The Biggest Flaw In Deflategate Innocence
Earlier today the New England Patriots responded to the Wells Report that found the Patriots more likely than not were guilty of underinflating balls with a website called “The Wells Report In Context”. The Patriots make many strong arguments but they still cannot explain one thing: Why would they suspend two team employees if they were not guilty parties in Deflategate?
The NFL released a statement that went along with the release of the Wells Report which included information about the Patriots suspending the two employees implicated by the Wells Report.
Patriots owner Robert Kraft advised Commissioner Roger Goodell last week that Patriots employees John Jastremski and James McNally have been indefinitely suspended without pay by the club, effective on May 6th.
May 6th is the day of the release of the Wells Report, which means that Jastremski and McNally were suspended in response to the findings of the Wells Report. It’s of vital importance to note that Jastremski and McNally are not suspended by the NFL, but by the Patriots. If the Patriots believed Jastremski and McNally are innocent, why would they suspend them? It would make no sense for the Patriots to suspend the two employees who were implicated in the Wells Report if the Patriots didn’t think that they were guilty of conspiring with Brady to underinflate footballs.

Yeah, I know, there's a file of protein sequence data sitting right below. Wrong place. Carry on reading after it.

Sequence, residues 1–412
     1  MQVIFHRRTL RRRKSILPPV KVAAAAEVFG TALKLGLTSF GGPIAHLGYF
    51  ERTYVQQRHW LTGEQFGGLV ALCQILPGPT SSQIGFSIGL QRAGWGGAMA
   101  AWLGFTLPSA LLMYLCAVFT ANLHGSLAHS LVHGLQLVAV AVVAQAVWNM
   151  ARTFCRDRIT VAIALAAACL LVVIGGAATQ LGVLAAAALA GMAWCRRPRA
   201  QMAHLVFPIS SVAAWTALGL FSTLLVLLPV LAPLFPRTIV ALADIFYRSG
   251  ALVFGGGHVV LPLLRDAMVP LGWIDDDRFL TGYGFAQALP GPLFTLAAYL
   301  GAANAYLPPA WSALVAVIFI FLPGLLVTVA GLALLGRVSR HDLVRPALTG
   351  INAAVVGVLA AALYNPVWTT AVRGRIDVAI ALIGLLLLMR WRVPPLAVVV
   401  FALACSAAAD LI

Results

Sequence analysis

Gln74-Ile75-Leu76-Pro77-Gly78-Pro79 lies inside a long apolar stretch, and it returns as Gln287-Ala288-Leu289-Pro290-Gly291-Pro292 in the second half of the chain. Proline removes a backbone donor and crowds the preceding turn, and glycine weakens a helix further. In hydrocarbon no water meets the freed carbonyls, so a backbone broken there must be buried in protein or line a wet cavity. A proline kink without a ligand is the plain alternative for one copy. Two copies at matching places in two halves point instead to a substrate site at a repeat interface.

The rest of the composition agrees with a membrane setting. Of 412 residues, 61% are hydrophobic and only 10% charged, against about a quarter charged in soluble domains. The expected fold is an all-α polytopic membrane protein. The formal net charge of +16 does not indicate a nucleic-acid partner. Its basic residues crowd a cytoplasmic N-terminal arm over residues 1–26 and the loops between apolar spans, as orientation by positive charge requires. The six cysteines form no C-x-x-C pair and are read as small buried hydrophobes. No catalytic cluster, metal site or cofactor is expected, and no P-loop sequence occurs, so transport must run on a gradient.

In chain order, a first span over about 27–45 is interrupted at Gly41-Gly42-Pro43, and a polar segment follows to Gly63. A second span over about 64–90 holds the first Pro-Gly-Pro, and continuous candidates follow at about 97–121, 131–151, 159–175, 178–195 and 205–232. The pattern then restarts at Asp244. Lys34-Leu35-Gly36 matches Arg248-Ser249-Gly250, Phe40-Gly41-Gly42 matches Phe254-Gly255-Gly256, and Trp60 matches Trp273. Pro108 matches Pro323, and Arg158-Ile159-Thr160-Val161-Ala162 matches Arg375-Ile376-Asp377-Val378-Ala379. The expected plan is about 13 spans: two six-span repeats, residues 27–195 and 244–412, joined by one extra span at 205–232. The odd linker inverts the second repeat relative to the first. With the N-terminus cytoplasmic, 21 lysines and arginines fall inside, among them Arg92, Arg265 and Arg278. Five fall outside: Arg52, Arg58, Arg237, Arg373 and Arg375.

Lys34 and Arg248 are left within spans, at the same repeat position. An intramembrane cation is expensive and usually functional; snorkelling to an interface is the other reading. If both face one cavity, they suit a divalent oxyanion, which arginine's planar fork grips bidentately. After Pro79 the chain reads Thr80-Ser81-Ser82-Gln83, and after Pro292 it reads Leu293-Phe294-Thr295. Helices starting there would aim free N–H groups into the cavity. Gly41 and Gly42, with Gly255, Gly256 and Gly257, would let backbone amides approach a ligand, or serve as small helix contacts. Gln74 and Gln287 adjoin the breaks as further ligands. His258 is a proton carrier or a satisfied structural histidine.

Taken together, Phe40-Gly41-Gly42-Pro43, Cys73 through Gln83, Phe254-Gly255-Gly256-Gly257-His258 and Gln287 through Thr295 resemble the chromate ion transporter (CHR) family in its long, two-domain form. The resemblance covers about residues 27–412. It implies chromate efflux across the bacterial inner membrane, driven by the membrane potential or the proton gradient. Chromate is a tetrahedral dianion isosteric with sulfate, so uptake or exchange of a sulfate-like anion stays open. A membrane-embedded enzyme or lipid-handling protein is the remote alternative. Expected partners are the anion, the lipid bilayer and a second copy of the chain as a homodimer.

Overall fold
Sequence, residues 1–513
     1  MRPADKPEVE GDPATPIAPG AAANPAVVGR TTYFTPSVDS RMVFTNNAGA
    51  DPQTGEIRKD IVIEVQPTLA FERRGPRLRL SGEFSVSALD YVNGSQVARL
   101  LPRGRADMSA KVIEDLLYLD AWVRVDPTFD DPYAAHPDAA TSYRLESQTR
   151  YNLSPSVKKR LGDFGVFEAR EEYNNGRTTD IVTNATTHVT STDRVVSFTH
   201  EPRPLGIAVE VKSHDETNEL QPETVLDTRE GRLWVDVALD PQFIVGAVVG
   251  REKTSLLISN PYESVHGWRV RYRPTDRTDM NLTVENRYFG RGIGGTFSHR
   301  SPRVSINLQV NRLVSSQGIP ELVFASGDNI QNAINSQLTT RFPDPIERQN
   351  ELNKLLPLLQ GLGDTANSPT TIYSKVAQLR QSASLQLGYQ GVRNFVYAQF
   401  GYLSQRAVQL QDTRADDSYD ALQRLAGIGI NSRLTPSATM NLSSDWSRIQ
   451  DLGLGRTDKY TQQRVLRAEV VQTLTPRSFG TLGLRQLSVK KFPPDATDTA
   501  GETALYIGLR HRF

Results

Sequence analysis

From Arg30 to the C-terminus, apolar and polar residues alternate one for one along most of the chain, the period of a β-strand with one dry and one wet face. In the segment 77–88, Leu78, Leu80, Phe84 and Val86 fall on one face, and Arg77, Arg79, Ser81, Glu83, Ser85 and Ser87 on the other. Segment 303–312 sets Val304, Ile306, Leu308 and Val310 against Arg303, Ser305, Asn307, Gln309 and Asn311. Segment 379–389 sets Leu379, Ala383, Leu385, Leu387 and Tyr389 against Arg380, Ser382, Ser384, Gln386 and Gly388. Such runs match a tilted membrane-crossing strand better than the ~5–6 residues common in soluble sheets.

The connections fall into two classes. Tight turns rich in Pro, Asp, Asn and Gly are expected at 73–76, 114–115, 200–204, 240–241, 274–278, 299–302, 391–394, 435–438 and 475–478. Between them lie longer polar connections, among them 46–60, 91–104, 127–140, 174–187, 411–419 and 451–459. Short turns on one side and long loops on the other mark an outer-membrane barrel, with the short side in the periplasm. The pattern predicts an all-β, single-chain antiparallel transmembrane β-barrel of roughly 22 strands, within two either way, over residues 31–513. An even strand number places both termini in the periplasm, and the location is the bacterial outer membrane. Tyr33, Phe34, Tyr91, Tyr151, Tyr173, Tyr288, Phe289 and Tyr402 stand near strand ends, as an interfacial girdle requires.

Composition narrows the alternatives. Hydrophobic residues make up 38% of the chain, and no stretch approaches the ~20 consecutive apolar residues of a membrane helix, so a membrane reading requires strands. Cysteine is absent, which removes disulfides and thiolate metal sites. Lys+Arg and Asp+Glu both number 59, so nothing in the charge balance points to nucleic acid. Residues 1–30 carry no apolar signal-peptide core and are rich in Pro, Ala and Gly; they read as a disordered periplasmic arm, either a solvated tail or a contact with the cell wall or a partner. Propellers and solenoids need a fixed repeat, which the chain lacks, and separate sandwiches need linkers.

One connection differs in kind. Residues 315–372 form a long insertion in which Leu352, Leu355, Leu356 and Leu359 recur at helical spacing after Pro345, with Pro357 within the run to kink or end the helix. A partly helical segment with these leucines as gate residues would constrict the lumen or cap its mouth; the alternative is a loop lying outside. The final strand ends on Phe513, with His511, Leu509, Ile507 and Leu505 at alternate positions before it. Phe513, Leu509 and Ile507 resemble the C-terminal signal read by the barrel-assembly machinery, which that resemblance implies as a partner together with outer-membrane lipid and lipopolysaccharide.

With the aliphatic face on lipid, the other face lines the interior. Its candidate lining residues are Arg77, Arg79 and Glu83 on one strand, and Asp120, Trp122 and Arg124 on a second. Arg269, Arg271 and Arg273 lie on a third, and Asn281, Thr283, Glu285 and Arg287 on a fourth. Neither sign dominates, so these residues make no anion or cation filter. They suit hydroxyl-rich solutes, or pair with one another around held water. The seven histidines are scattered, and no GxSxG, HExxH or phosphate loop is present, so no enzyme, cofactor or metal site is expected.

The Patriots argue that the Wells Report “ignores the scientific explanation for the drop in psi” and “ignores obvious issues concerning gauge inconsistency”. This is a strong defense, however it is wrong. The Wells Report found that “[t]he four Colts balls tested each measured within the 12.5 to 13.5 psi range permitted under the Playing Rules on at least one of the gauges used for the tests” while “[a]ll eleven of the Patriots game balls tested measured below the minimum pressure level of 12.5 pounds per square inch (“psi”) allowed by Rule 2 of the Official Playing Rules of the National Football League (the “Playing Rules”) on both of two air pressure gauges used to test the balls.” For me, it’s hard to argue with that. The Patriots, however, will continue to argue and they actually make an interesting argument about Walt Anderson not being completely sure which gauge he used for the balls during pre-game and then taking halftime measurements with another gauge.
In conclusion I agree with the Patriots that the Wells Report was incomplete and that it lacked context, but I disagree with the Patriots saying that the findings of the Wells Report were incorrect based on the overwhelming circumstantial evidence found in the Wells Report and the suspension by the team of the two employees charged with deflating in the Wells Report after the Report was released. That said, the Patriots rebuttal today chips away at the credibility of Ted Wells’ investigation. I’m sure Wells will respond, which should allow for a better understanding of how legitimate the Patriots’ response to the Wells Report is. The one thing that cannot be argued is that the Patriots suspended McNally and Jastremski after the Wells Report was released, and that certainly looks like unintended admission of guilt. In the end I don’t think this is a big issue as it relates to the actual gameplay of football. Instead this is an issue of the compliance/potential cover-up of the Patriots.